This pen is also of a standard single-colour ballpoint thickness, which, while normal, is much more difficult for people with any kind of chronic pain or hand disability to hold. (I’ve seen several OTs in my time and not a one of them had anything good to say about the use of narrow pens.) I need my pens to be at least the width of a four-colour click pen, and this is just too narrow for me to use at all, never mind comfortably.

(It has a standard 1.0 mm black point, which I’ll mention as someone who prefers a 0.7 mm point.)

This said, I can see this pen being really useful for many adults as a subtle office stim toy, and there’s lots of different colour options!

Originally posted on @stimtoybox on September 04, 2018.

Review: Pizza Puzzle Erasers, K-Mart

A set of six pizza slice erasers, sitting on a red watermelon slice pillow. The pizza slices are cut into triangles with a curved out edge, together forming a circle, and have a tan brown crust and base, a light yellow cheese layer fitting into grooves in the crust, two round green pieces with indented dots that fit into the cheese layer, and a red grooved wing-shaped piece. The effect mimics chopped-up vegetables and meat atop a pizza. The erasers sit in a clear plastic shell in a cardboard box with a green/maroon/white striped trim at the top and bottom. Text at the bottom in maroon-outlined cream type reads “pizza slice erasers”.

Price: $1 AUD.

There’s no longer an online listing for these. I found them at my local store (and also at the Footscray store) on half price clearance sale from $2 AUD each.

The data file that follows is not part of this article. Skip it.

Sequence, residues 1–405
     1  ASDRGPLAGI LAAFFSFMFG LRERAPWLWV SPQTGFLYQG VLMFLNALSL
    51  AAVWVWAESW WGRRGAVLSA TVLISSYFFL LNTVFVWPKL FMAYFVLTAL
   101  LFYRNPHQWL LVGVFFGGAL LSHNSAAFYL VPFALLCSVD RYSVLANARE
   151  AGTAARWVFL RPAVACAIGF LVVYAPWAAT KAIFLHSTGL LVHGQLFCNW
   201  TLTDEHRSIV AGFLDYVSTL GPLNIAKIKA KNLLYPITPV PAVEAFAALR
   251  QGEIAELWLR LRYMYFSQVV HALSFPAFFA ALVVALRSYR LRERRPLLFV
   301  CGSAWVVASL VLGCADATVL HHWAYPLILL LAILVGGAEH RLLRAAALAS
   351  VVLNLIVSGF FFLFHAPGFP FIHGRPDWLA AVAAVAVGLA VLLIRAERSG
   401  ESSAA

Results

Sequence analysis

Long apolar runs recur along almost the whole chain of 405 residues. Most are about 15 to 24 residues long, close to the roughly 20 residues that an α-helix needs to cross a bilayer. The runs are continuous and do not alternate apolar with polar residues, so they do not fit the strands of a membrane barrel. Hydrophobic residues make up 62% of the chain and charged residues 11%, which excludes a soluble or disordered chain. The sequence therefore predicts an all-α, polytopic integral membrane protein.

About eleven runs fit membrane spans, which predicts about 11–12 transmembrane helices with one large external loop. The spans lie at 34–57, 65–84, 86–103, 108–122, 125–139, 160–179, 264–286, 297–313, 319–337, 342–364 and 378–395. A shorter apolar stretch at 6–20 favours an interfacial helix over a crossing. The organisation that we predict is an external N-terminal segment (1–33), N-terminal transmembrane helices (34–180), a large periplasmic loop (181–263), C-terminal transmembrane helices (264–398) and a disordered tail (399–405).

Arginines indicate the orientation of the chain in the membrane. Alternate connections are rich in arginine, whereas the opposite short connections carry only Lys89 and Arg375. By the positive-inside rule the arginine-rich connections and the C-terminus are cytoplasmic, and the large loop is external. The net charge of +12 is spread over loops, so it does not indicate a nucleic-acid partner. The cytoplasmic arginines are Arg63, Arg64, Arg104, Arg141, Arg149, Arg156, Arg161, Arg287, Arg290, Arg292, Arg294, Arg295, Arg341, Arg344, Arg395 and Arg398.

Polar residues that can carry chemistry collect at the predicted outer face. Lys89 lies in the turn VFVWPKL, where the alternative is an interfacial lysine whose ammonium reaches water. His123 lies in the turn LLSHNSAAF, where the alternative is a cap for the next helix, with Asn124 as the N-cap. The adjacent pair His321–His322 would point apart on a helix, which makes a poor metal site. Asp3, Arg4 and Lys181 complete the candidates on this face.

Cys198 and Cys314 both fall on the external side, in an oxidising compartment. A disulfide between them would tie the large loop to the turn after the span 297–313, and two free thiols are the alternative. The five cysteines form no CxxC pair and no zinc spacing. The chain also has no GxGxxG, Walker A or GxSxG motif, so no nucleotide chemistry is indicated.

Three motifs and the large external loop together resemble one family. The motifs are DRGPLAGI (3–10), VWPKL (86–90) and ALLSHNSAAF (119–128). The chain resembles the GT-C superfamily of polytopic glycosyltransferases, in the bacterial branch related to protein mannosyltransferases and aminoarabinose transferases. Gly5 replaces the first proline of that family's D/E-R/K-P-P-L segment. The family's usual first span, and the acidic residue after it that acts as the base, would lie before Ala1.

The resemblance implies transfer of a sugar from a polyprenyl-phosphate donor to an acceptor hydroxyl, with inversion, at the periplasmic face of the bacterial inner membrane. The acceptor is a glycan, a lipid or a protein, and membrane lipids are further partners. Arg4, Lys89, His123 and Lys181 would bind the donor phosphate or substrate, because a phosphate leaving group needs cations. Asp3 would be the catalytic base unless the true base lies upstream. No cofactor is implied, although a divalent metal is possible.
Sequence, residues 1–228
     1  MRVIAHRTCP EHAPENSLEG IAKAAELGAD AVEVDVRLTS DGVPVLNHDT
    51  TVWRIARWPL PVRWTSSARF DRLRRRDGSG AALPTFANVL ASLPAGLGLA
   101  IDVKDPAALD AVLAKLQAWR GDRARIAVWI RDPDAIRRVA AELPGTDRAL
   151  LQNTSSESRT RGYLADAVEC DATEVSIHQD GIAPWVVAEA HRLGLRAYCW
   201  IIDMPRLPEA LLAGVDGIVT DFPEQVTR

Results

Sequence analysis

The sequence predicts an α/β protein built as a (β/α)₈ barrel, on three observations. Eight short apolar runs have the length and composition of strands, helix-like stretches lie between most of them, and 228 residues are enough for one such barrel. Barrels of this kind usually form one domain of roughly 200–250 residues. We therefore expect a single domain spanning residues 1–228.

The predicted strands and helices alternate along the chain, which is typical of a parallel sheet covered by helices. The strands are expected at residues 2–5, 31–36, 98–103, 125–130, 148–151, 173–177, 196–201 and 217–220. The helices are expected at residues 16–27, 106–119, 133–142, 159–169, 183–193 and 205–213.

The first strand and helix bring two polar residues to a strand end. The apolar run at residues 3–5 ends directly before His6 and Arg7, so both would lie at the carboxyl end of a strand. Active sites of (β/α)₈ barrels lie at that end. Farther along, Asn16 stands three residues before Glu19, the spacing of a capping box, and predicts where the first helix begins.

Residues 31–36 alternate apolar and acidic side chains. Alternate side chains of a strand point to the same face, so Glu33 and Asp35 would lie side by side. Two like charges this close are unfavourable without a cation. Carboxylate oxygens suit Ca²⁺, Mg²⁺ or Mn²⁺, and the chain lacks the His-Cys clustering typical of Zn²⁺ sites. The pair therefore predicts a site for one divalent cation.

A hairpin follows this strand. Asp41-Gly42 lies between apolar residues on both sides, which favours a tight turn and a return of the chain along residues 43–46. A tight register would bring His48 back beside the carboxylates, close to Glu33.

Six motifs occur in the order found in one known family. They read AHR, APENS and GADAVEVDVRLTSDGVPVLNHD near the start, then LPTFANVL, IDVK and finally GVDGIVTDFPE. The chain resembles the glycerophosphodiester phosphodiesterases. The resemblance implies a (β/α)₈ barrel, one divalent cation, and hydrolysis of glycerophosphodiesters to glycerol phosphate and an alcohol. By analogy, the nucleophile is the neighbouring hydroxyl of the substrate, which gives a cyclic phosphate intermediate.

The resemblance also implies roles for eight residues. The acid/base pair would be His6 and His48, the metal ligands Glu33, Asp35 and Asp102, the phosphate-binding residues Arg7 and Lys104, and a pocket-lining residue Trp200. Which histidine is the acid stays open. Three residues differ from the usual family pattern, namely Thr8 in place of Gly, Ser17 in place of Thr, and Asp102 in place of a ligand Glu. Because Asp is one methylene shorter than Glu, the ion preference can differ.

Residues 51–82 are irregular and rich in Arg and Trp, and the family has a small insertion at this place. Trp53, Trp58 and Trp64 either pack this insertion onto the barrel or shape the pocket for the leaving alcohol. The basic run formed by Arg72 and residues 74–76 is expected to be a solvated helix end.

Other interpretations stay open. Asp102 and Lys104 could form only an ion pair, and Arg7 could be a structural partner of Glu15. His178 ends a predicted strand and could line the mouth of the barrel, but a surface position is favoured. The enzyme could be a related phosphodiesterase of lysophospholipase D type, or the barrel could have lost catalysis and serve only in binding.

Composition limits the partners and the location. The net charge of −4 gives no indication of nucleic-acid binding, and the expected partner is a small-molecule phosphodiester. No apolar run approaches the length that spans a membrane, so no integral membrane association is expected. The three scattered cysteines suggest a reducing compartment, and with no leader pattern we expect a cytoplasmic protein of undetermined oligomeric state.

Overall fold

I’ll admit that I don’t find the “packs of exactly the same puzzle eraser” as good for stimming, as there’s less bits I can swap around. However, these are extremely cheap and there’s six erasers (with five pieces each) to pull apart!

I do like the crust layer, as it has raised bumps, an indented base and a notched edge, good for stroking–there’s a bit of texture, more than many puzzle erasers. The cheese layer also has small indentations, although they’re less prominent. Only the sushi set and some of the fancier cake erasers I have really beats these for texture.

For a simple, very affordable stealth toy that tucks nicely into one’s hand or lap, I really don’t mind having these.

Originally posted on @stimtoybox on October 18, 2018.

Review: Mermaid Sequin Journal, K-Mart

A mermaid sequin notebook sitting on a dappled blue and white quilt cover. The notebook is perfect bound with a cover of silver sequins reversed with black, save for a circular emoji-style smiley face in the centre, which is black sequins reversed with silver. The smiley face has two oval eyes and a thin upwards-curving line for a smile. A stripe has been pushed down the front of the cover, showing both sections of sequins with their reverse colours.

Price: $3 AUD.

Dimensions: 14.7 x 20.7 x 1.5 cm.

No online link is available.

K-Mart has these older mermaid sequin journals/notebooks on clearance sale at the moment–$3 AUD down from $5 AUD.

I can’t use these kind of perfect bound books because of my hand pain (I can’t handwrite for long periods of time and when I do I prefer spiral-bound books I don’t need to hold open) so I bought this as a gift for a friend. The pages are white with black lines and a cute pink scalloped trim at the bottom, simple but pretty, although the paper is fairly thin.

(Not quite bible paper but noticeably thinner than your standard 80 GSM copy paper.)

The sequins, I find, are easier to turn on a hard surface, like a book or slap band, over a soft surface like a zip pouch or pillow. I do find the sequins bulk up the cover a bit and I suspect for this reason it won’t be the most comfortable book to write in, but it’s absolutely an option if you want stim-friendly stationery.

Originally posted on @stimtoybox on October 30, 2018.